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Jumping the Gun on Kindergarten

It can be a disaster to send children to school before they are ready.

April 06, 2002|PEGGY CONSTANTINE | Peggy Constantine teaches kindergarten at Tomas Rivera Elementary School in Riverside.

Today's kindergarten is yesterday's first grade. If your 4- or 5-year-old child is not ready to write sentences and begin reading, give that child a year to develop before starting school. The Gesell Institute of Child Development calls this "the gift of time," and that's exactly what it is. To send children to kindergarten before they are ready spells disaster in the new educational climate.

When I began teaching in 1979, there was no curriculum guide for kindergarten. I taught my students how to write their first and last names, and we learned the numbers 1 to 10, alphabet letters and sounds. Eventually, I would have a group of five or six who were ready for reading.

Here is my kindergarten room today: There is a number line made of adding machine tape that stretches along the ceiling. We write a number on the number line each day, beginning with "1" on the first day. There is a huge celebration for "100 Day." It's hoped that my students will learn to count to 100 with this incentive.

Students learn about place values. They are expected to be able to write numbers 1 to 30 when they leave kindergarten, as well as to interpret graphs. Toward the end of the year, we will learn how to add and subtract.

Then we do the "Daily News," an interactive writing exercise. Children report their "news," which I write with the help of the class. We look for words such as "a," "and" and "the," which students take turns circling. We listen for beginning, middle and ending sounds of words, and practice spelling.

Most of my students love the Daily News and they are active participants. But there are those who are simply not developmentally ready for this. During small-group writing time, they don't understand for many months what I want them to do. And as they notice that other children do understand, they begin to think there is something wrong with them. There isn't. They're just not ready to be there.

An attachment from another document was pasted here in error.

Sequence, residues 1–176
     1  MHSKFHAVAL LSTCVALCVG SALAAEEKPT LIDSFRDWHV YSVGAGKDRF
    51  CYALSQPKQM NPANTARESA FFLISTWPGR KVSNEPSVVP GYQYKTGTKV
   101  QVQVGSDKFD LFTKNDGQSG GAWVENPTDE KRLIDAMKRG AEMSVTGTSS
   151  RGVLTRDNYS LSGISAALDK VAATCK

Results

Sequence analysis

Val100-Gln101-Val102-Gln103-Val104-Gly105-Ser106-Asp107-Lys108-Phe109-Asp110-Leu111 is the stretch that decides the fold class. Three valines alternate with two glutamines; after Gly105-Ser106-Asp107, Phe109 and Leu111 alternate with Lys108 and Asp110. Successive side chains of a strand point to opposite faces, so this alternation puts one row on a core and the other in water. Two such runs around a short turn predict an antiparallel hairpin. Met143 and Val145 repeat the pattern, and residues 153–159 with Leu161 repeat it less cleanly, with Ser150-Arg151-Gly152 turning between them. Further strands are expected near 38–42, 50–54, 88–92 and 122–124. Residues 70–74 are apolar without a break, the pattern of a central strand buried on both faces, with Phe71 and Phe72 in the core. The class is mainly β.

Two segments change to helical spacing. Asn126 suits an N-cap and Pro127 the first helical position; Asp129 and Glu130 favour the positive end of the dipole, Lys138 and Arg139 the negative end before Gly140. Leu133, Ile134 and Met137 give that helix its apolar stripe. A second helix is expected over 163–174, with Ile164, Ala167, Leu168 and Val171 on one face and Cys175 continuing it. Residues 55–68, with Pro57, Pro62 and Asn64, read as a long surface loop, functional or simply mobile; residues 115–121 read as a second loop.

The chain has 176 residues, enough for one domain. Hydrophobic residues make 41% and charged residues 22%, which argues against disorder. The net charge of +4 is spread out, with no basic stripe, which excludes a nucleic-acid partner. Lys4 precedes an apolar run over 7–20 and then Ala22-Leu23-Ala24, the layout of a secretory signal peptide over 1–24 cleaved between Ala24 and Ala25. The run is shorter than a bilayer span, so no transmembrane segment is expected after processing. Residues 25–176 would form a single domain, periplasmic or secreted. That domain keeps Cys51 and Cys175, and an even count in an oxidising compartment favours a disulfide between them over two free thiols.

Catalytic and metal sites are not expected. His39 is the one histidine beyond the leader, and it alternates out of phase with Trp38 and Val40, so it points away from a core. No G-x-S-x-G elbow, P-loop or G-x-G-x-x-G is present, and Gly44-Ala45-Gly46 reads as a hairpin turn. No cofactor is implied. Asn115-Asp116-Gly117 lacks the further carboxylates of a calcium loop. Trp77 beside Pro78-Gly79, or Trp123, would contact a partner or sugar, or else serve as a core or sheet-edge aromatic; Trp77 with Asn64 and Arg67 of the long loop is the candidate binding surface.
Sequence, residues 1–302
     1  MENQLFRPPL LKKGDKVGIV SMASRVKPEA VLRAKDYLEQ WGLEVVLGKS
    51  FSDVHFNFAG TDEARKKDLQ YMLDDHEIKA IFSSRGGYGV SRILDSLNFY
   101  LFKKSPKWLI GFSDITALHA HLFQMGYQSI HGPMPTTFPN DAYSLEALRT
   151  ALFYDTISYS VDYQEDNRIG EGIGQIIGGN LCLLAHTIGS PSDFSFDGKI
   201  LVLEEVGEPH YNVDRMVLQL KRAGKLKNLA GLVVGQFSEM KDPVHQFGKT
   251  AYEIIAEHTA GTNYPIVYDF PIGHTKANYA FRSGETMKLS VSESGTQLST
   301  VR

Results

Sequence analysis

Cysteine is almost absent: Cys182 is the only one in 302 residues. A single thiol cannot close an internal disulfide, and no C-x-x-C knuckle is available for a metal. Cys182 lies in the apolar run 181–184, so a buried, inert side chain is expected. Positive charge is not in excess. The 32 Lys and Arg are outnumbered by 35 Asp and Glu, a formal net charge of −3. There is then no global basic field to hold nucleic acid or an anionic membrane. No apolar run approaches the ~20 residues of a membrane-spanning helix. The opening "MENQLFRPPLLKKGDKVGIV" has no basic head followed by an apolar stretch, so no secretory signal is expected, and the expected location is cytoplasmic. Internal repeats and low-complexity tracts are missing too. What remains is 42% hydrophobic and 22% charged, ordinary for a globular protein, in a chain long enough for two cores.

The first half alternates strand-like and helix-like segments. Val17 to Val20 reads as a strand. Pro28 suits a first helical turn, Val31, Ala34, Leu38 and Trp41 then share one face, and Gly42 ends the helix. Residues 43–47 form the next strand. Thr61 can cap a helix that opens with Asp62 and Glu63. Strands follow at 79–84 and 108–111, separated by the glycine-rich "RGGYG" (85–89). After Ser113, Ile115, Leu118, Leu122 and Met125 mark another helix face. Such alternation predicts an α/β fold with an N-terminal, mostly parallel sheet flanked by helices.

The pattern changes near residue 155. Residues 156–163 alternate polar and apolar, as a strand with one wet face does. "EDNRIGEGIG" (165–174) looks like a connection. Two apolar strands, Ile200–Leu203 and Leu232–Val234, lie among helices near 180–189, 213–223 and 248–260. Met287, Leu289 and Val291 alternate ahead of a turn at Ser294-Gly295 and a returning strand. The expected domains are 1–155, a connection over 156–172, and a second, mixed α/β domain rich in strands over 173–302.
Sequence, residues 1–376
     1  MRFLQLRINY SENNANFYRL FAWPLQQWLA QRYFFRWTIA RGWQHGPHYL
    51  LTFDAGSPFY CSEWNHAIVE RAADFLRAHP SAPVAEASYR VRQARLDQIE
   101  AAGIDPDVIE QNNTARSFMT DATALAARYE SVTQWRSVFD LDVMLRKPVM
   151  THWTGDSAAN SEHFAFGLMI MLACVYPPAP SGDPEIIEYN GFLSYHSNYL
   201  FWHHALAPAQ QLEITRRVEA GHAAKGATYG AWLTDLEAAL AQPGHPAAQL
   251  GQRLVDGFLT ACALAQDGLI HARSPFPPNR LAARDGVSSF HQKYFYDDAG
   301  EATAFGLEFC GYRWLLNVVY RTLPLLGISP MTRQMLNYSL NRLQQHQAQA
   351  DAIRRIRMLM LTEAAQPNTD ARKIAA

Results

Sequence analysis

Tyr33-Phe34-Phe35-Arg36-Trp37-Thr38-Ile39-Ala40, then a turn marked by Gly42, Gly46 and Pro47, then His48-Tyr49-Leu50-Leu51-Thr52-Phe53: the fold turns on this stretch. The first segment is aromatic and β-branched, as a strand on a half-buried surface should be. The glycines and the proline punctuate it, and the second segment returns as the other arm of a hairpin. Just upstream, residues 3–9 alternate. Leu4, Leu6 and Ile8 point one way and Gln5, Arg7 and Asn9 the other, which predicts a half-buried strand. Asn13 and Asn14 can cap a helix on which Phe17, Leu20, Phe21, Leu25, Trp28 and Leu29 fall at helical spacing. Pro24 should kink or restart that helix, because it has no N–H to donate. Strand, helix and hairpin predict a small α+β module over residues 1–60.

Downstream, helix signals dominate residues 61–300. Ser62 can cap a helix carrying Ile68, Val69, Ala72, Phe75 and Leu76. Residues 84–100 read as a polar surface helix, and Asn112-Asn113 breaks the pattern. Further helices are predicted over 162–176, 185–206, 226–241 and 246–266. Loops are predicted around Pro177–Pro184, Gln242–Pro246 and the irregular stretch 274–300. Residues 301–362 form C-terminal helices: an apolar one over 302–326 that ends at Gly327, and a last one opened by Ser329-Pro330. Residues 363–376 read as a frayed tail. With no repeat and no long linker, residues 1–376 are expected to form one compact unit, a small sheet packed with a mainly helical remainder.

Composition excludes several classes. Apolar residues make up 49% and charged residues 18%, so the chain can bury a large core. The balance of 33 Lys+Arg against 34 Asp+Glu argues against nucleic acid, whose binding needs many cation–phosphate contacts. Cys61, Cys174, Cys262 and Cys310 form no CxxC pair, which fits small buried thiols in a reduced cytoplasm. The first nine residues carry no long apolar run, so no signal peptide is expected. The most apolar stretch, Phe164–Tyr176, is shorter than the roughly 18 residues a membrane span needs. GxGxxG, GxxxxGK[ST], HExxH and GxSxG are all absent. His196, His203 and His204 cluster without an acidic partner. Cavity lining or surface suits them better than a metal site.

These are the same children who find guided reading groups difficult. These children try to read, but it is difficult for them to sound out unknown words because they are still not secure in their knowledge of alphabet letters and sounds.

It's hard for parents to take a stand and keep their child at home or in preschool for an extra year. Family and friends question the wisdom of giving a child an extra year to develop when the Legislature says it's time for them to go. I once had a student named James who struggled with everything we did. He had a late birthday, and he just wasn't ready. His parents decided to give him another year in kindergarten. But then, James' mother changed her mind and sent him on to first grade because, she said, "the grandparents aren't happy." James was the one who paid for this decision. He became a behavior problem in the middle grades and was eventually retained in fourth or fifth grade. How much easier it would have been for James had he "been retained" at home one more year before going to school.

What many parents don't know is that school standards have been raised so drastically that even children who are ready for the new curriculum find it challenging. Chronological readiness is not the same as developmental readiness. Ask yourself if your child has the social and emotional maturity and the small motor (hand) development to succeed in today's accelerated kindergarten program. If not, give him or her that precious gift of time. Then watch that youngster grow and learn with joy, rather than stress. It is never a mistake to wait.

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